The Olympic Games and Public Transportation

Article by Take Zoot, Lead Editor

Reading Time: 2 minutes

In less than 300 days, we the residents of Tokyo have a lot to look forward to: the Tokyo Olympics. The Olympics will bring many riders to the Tokyo subway system, which is known for its versatility, cleanliness, and ease of use. However, it also happens to be known for its train cars that overspill with a seemingly endless supply of people. So, what does this mean for us in Tokyo 2020?

Just a few weeks ago, a typhoon hit the Kanto region, causing multiple train lines to shut down momentarily. This caused a massive backup of people in the train system, almost doubling the ordinary worker’s commute time. This over-congestion can sometimes be seen on ordinary days as well. If you have ever been on the train during morning commutes or night time return commutes, you would be aware of how jam-packed it becomes, even with no external stresses on the system. 

Photo by Photo under Creative Commons license

According to the Asahi Shimbun, the Games are expected to draw more than 600,000 people to the city. That added to the approximate 20 million regular commuters is bound to cause a problem. A regular subway train car is able to accommodate 200% of its original capacity if needed. It is speculated the increase in commuters the Games bring, could cause the number to rise to a staggering 300%. Neither Japanese trains nor stations are built to withstand this sort of congestion.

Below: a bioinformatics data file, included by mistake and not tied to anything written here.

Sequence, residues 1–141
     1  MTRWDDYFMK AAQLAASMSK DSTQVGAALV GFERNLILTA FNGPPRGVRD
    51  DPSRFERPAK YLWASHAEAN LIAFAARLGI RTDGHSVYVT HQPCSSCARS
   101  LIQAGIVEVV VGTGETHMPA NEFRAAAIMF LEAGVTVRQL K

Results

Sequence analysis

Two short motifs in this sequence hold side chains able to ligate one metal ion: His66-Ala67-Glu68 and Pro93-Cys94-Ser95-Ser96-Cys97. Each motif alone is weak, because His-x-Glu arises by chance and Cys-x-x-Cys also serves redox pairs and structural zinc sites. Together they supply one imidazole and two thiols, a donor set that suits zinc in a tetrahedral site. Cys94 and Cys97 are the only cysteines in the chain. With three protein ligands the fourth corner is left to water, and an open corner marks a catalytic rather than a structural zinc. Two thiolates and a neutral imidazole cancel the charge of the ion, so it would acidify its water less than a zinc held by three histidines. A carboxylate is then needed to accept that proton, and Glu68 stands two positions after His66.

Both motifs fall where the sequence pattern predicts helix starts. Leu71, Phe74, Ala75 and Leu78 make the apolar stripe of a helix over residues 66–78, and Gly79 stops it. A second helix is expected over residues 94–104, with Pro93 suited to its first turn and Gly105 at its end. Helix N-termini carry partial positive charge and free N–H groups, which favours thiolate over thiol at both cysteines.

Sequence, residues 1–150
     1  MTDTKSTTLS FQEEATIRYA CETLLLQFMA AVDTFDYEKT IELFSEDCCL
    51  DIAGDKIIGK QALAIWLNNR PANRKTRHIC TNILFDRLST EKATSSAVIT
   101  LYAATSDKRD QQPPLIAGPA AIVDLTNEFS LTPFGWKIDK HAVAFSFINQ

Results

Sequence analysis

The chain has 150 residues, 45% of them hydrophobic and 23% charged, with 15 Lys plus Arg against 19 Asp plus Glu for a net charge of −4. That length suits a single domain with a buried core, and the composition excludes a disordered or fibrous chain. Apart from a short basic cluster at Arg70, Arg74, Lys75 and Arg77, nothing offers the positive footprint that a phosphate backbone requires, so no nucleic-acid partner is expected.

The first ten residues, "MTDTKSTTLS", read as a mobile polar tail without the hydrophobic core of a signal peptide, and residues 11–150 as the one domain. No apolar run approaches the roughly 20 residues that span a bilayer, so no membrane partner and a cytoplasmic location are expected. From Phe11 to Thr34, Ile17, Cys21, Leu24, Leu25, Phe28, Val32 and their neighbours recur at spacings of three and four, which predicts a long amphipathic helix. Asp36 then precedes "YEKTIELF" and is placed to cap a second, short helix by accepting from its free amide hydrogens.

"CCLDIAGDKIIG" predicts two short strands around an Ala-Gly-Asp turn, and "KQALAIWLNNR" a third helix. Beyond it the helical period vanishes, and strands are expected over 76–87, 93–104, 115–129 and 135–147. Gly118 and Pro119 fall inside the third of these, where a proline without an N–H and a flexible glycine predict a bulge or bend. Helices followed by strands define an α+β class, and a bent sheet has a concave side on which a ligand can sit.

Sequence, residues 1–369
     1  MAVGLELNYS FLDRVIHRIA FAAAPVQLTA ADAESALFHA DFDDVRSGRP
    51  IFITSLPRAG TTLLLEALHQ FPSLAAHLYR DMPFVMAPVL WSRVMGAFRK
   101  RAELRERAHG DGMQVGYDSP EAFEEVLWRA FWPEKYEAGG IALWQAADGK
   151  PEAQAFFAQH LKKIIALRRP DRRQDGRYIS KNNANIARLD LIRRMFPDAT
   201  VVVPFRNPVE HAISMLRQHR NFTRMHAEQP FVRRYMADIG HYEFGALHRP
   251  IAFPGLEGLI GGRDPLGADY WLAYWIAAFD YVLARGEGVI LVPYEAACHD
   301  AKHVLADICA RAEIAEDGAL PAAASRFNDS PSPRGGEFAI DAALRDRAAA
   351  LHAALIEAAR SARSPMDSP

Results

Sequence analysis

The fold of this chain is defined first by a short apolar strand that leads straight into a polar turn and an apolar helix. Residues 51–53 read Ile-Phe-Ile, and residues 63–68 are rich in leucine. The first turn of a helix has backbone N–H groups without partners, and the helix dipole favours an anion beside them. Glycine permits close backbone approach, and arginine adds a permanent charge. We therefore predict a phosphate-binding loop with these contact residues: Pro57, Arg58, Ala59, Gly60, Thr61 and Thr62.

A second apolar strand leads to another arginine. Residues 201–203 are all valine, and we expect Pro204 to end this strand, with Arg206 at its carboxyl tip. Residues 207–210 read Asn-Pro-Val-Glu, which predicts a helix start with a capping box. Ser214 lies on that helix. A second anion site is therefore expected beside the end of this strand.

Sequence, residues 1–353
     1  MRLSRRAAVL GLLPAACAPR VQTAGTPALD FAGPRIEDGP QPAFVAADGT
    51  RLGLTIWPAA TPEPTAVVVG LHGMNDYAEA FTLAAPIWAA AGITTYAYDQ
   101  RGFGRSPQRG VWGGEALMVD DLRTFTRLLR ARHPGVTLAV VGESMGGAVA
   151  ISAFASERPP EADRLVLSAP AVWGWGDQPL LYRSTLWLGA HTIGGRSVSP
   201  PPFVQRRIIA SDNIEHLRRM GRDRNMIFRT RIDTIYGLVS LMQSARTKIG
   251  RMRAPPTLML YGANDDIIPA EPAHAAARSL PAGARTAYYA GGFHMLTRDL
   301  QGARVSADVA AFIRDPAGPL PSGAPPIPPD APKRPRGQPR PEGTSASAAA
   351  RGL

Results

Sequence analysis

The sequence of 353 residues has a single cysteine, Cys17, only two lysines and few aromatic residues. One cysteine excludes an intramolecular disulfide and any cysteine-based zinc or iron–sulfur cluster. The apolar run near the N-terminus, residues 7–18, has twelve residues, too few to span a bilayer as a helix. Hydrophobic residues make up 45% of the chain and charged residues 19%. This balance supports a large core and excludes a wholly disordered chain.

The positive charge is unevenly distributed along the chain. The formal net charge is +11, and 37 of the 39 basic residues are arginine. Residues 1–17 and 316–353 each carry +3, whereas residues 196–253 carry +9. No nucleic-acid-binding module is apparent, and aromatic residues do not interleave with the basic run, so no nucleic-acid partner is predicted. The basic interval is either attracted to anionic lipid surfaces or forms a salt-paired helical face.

Past Olympic hosts have faced a similar dilemma, such as London. To prepare for this, workers were encouraged to either commute via car or simply work from home, which eliminated the problem. So why can’t Tokyo do the same? First off, due to the convenience of public transportation, car ownership in the city is very low. In fact, according to Statistics Japan, it is the lowest of all prefectures in Japan, with only 23% of residents owning cars. This would make commute via car very difficult. The second reason has to do with the Japanese work culture. In Japan, workers are often expected to show up to work no matter the circumstances. Therefore, working from home is often not an option for many people. Thus, to see a change in train congestion, we would need to see a change in the Japanese work culture. 

Here are some ideas about how Tokyoites might help: 

  • Commute earlier
  • Bike to work
  • Avoid stations near Olympic venues
  • Try and take some time off work? Go on a vacation?

I know for sure I’ll be avoiding the trains during these times. I think I’ll just enjoy the Olympics from the comfort of my TV.